U.S. Economic Officials Are Poised To Take Center Stage In China Ties As Dictator Controversy Fades


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Two of the Biden administration’s top economic policy leaders – both women – may be poised to take center stage in U.S.-China relations after a high-level meeting intended to put a floor in acrimonious ties turned into a week of new round of tumult.

“Important economic issues will now enter the discussion, along with additional players,”, such as Commerce Secretary Gina Raimondo, who met China’s Commerce Minister Wang Wentao met in Washington last month, as well as Treasury Secretary Janet Yellen, said American Chamber of Commerce Chairman Sean Stein in a written exchange with Forbes on Wednesday. The former long-time U.S. diplomat is also currently a public policy practice advisor at law firm Covington in Shanghai.

The U.S. relationship with China is “too broad and complex to be anything but a team sport. Now the U.S. is going to bring more players onto the field,” Stein said.

Speaking at a news conference in Paris today, Yellen said it’s “critical” the U.S. and China maintain a relationship so they can “work together” on global challenges, the Voice of America reported.

President Biden’s reference to Chinese Communist Party Chairman Xi Jinping as a dictator this week led to U.S. Ambassador Nicolas Burns being called in by China’s Foreign Ministry today for a rebuke, the Wall Street Journal reported today. In response to the bruhaha, Biden added today that he continues to expect to meet Xi in the near term. “And I don’t think it’s had any real consequence,” he reportedly said of the controversial remarks.

The stakes and rivalries between the U.S. and China were on full display in Washington today. American leaders welcomed regional Beijing rival India, the world’s most populous nation, through a warm reception for its Prime Minister Narendra Modi. Investment agreements by U.S. firms including Micron were noted amid a push by American firms to reduce supply chain ties to China.

Just this same week, two days of meetings in Beijing by U.S. Secretary of State Antony Blinken, Xi, Director of the Communist Party Central Foreign Affairs Office Wang Yi, and State Councilor and Foreign Minister Qin Gang were described as yielding “candid, substantive, and constructive discussions on key priorities in the bilateral relationship and on a range of global and regional issues” in a State Department statement.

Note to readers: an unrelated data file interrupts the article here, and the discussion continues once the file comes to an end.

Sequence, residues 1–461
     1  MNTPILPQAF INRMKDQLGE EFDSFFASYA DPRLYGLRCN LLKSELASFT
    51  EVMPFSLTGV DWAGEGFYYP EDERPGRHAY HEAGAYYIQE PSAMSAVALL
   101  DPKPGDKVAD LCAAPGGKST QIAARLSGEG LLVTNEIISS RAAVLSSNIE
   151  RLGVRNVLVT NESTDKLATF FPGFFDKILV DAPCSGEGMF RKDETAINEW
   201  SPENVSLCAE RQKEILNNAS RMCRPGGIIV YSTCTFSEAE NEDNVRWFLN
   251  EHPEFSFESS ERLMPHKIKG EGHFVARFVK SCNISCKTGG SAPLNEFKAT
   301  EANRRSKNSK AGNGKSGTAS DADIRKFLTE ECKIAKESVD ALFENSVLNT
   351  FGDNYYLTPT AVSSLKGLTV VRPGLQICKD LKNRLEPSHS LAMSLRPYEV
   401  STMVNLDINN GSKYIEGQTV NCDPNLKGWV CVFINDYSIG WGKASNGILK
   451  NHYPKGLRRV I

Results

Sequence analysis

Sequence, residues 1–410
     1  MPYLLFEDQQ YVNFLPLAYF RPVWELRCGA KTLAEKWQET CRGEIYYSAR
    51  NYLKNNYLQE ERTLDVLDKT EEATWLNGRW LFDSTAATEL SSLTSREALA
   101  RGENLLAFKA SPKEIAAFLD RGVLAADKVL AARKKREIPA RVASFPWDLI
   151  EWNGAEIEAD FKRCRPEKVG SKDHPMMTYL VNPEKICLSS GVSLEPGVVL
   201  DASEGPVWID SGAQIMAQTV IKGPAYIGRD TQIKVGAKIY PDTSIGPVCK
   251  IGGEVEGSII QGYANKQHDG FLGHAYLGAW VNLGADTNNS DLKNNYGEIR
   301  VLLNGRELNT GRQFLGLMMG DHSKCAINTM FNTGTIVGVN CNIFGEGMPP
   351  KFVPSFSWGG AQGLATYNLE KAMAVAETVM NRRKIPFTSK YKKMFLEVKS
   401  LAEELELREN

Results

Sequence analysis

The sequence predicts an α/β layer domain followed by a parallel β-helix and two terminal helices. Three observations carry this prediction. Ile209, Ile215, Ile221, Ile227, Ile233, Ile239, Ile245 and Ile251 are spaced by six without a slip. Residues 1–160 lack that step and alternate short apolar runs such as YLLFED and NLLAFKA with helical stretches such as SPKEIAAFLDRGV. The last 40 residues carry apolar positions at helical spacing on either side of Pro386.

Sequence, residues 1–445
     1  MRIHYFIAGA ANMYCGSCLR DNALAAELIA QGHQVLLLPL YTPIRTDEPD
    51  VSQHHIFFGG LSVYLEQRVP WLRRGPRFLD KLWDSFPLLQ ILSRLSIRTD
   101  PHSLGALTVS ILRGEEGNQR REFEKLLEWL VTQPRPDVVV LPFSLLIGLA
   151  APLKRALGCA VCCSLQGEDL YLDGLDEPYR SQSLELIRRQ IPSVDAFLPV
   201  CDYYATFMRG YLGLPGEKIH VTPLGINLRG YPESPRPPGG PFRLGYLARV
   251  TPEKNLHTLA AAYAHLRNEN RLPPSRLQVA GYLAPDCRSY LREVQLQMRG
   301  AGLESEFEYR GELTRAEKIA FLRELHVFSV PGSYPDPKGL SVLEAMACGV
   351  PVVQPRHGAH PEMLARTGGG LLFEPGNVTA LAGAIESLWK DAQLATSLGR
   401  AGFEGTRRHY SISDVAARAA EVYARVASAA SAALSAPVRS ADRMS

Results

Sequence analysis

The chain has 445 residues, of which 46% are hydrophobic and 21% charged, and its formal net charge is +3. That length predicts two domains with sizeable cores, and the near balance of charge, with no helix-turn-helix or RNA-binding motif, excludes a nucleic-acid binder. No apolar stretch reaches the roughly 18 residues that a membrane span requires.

The meetings between the U.S. and leaders of the two Asia powers are the latest twists in months of volatility in ties amid geopolitical rivalry. Military tension has soared since a Taiwan visit by then U.S. House of Representatives Speaker Nancy Pelosi last August; that was followed by hopes for improvement after a meeting between Biden and Xi in Bali in November, leading to expectations of a visit to China by Blinken.

That visit and talks between the two sides paused earlier this year after the U.S. downing of a suspected Chinese spy balloon over the U.S. heartland in February created an uproar in Congress and set back momentum created by the Biden-Xi meeting in Bali. The U.S. hasn’t yet made public a full report on the balloon, whose details may be embarrassing to Beijing.

China, unhappy with U.S. sanctions against companies perceived as a threat to American national security, has since raided American research or due diligence companies in the mainland such as Bain and Mintz, and recently passed a national security law considered vague by experts, making it even harder for U.S. companies to proceed through the political thicket.

“The U.S. and Chinese leadership are taking steps to put a floor under the relationship,” Stein said. “They are doing this not because they have changed their baseline assumptions about the other country, but because they have determined that decoupling would be disastrous and that it is in their nations’ interest to stabilize the relationship.”

The Biden focus on strategic problems needs to make more room for economic issues given the deep trade and investment links between the two sides amid slower growth for the two. For its part, China is facing youth unemployment of around 20%.

“Engagement will no longer be limited to a handful of strategic issues and players,” Stein said.

Meetings among economic officials could help pave the way for a Xi visit to a meeting of APEC leaders in San Francisco in November. Blinken earlier this month concluded a trip to Saudi Arabia, where members of the Gulf Cooperation Council later gathered to express warm support of Arab-China business amid a big push by Beijing to expand its ties to that region.

Through the continuing dialog, “the U.S. is trying to show China that de-risking is fundamentally different than decoupling,” Stein remarked. “That was one of Blinken’s key messages, but the Chinese remain skeptical.”

See related posts:

“Diplomatic Drive-By?” Blinken Gets Short Meeting With Xi As U.S.-China Contacts, Conflicts Continue

Arab-China Investment, Manufacturing Poised To Grow After High-Profile Event In Riyadh

Gates Foundation To Donate $50 Million To Flight Infectious Disease, Partner With Beijing, Tsinghua

China’s “Fits And Starts” Economy Needs Private Sector Boost — Matthews Asia’s Andy Rothman

Forbes China Global 2000: China’s Ranks Thin As Real Estate Woes Persist

Elon Musk Visit To Beijing Highlights Business Role In U.S.-China Ties


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Lisa Holden
Lisa Holden
Lisa Holden is a news writer for LinkDaddy News. She writes health, sport, tech, and more. Some of her favorite topics include the latest trends in fitness and wellness, the best ways to use technology to improve your life, and the latest developments in medical research.

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